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  12. Legalizing Drugs debate...see below & read more on the link


    No country alone, (as the Dutch have found to their cost) can operate a policy which is substantially more liberal than neighbours, without suffering from “drug tourism” or, as in the Dutch situation, a larger pool of drugs-linked criminality than it would otherwise have.there is the big lie that legalising drugs will take the criminality out of supply. What nonsense. Illegal traders who pay no taxes of any sort can always undercut legitimate traders

    http://www.justthinktwice.com/factfiction/LegalizationWorks.cfm

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  13. "Some experts take issue with Clinton's upbeat characterization of the Colombia program, which has drawn numerous allegations of human rights abuses by the revamped Colombian army and right-wing paramilitaries." and "Murder Inc."

    What was the level of abuse before the US assistance?

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  14. @ Mr. Flores,

    First of all, Thank you for taking the time to respond and enlighten BB with many important facts.

    While Mexico is in the midst of a horrific "drug war" just as Colombia was before us, it is important to note there ARE differences between the two.

    One plan, such as Plan Colombia, can NOT simply be applied to any and all countries battling drug cartels..

    While there is no denying the chaos and havoc cartels are causing in Mexico, there is no such thing as black and white, and the "gray" areas must certainly be accounted for, each country as there own.

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  15. @anonymous 8:18 am

    "we can't fix mexico and every other dysfunctional country....we need to fix our own country.."

    That comment, alone, is very true. Did you know drug abuse costs the U.S. roughly $500 BILLION dollars per year? (mind you these are fairly old numbers)

    http://www.drugwarfacts.org/cms/Economics

    http://archives.drugabuse.gov/about/welcome/aboutdrugabuse/magnitude/

    http://www.michaelshouse.com/drug-addiction/drug-addiction-statistics.html

    http://www.drugaddictiontreatment.com/addiction-in-the-news/addiction-news/illegal-drug-use-hits-highest-level-in-ten-years/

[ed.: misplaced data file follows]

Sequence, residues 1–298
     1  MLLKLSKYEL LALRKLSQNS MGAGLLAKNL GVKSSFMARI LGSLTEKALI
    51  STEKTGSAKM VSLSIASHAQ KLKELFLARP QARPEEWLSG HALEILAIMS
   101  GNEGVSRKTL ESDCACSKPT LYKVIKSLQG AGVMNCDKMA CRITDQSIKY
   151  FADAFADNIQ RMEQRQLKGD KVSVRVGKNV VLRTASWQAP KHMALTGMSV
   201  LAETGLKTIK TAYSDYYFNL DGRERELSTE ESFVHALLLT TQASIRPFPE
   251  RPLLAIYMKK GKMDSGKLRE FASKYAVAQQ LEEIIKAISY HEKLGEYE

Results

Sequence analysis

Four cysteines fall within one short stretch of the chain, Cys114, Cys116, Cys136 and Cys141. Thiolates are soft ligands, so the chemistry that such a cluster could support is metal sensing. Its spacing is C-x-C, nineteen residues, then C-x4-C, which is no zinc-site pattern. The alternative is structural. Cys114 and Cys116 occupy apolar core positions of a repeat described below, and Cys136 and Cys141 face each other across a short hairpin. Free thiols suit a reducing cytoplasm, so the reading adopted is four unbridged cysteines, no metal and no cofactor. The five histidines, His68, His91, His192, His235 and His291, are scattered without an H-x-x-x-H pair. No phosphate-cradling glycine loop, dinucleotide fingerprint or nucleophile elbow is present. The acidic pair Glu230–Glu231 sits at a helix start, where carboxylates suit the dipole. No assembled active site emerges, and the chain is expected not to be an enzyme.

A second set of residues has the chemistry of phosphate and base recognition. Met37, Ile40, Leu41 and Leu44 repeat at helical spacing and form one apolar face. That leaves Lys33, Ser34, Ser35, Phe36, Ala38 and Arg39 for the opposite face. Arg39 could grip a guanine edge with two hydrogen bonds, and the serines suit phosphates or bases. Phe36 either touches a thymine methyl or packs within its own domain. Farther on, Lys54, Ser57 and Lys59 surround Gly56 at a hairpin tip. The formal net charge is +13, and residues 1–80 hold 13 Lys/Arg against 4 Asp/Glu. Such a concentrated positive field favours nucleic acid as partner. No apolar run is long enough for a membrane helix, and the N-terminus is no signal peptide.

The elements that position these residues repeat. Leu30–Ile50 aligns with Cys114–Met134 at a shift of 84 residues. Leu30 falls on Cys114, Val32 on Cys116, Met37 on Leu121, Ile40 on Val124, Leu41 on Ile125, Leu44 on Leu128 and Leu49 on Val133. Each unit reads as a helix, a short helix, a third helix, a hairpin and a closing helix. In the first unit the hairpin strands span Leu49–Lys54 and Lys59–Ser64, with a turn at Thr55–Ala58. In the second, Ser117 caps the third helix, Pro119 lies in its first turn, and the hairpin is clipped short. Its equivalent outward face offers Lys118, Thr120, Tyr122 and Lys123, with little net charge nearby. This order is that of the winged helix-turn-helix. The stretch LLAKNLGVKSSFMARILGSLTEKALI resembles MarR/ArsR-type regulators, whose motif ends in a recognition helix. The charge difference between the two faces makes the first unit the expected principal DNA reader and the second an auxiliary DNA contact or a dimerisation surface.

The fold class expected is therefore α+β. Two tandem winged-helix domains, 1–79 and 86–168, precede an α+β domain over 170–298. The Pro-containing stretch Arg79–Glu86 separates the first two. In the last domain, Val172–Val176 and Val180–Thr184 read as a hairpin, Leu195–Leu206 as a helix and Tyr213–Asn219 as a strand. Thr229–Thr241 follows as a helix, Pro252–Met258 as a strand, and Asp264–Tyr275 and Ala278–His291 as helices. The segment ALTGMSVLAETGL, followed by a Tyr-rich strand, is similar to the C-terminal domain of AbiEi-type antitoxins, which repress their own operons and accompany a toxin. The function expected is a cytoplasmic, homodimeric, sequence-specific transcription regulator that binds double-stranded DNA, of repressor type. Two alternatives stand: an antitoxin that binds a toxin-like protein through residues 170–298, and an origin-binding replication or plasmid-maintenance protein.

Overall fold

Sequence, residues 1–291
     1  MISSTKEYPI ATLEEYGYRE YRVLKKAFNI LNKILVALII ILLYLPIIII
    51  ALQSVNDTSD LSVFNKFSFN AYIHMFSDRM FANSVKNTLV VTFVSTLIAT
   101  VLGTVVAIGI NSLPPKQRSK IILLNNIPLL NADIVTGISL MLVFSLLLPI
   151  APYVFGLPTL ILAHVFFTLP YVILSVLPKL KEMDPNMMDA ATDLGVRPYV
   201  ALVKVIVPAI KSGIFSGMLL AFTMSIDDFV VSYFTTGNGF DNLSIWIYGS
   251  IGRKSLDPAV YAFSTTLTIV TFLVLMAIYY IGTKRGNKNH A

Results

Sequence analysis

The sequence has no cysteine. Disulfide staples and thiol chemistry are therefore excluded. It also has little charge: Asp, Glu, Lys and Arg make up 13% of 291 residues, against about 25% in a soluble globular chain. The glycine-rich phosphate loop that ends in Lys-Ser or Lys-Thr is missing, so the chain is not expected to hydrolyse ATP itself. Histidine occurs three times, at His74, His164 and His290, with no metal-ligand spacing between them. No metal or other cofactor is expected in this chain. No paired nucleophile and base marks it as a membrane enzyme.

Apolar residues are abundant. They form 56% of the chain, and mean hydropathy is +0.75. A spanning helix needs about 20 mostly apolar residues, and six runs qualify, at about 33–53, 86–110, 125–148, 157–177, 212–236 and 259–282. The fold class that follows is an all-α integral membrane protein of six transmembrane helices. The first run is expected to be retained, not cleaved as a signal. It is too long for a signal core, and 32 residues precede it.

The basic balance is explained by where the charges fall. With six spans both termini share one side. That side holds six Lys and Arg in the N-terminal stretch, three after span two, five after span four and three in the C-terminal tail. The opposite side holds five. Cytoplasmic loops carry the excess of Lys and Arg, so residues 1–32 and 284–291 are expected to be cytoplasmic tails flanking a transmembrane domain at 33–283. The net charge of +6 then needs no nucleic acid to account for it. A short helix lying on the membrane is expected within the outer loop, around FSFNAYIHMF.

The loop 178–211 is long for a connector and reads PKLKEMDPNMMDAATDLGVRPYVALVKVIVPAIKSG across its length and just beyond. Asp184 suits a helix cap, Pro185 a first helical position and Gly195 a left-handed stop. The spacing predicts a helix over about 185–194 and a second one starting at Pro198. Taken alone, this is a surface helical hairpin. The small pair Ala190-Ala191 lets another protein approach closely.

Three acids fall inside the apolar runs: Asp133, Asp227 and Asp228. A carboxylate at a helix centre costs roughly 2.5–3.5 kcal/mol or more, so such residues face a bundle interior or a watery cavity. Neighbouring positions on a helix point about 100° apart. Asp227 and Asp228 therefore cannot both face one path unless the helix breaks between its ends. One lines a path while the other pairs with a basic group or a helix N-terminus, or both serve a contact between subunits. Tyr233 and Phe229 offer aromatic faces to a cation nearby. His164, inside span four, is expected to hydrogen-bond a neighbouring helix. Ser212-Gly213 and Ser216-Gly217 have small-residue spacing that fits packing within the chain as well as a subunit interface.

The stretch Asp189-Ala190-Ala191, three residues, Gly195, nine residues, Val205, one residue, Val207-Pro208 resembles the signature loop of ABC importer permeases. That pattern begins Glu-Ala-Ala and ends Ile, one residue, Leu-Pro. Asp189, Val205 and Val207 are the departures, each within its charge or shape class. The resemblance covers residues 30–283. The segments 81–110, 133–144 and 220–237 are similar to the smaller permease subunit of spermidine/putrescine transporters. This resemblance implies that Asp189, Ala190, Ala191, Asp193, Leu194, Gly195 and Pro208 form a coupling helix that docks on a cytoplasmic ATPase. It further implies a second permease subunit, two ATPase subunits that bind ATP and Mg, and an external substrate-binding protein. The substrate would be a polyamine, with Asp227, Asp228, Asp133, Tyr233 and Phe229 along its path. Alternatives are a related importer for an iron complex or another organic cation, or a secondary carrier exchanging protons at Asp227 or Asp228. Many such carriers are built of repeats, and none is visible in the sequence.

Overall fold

While offering 1.7 billion in aid over 3 years in the Merida Initiative may be upsetting to you, the cost of financing the consequences of U.S. drug addiction should be more upsetting...

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  16. The arguments of US drug use and spending 1.7 B in aid is off point and should not be the focus. Fact is drug use is down,..so what? Which drug is abused and used more? ALCOHOL. So what?

    Yes we are the most generous nation in the world. SO what? DOes that nulify our mistakes and weaknesses? Can we do a whole lot more to help Mx in this organized crime violence? of course. We can begin at home; bank transfer oversight; greater inspection departing the US at the Mx border (guns, money these are real solutions that can be done NOW.

    Those who complain of the $ given to Mx for equipment /advisors keep in mind it is a small fraction of what we gave Colombia..& Co is a long distance from our borders....so ya think it is a waste? not our problem? hmmmm guess you would rather back the pork spending of ridiculous projects such as the ones approved in congress;
    sea turtle research (33M) Blue crab research (pt of 42M ) or hows this one...THE WORLD TOILET SUMMIT (no bullshit I swear) and another of my favorites; building a teapot museum and a summit for Wood utilization research..
    assisting Mx is cruial and if you can not comprehend that by reading of the violence and destruction existing in Mx, then you are part of the problem.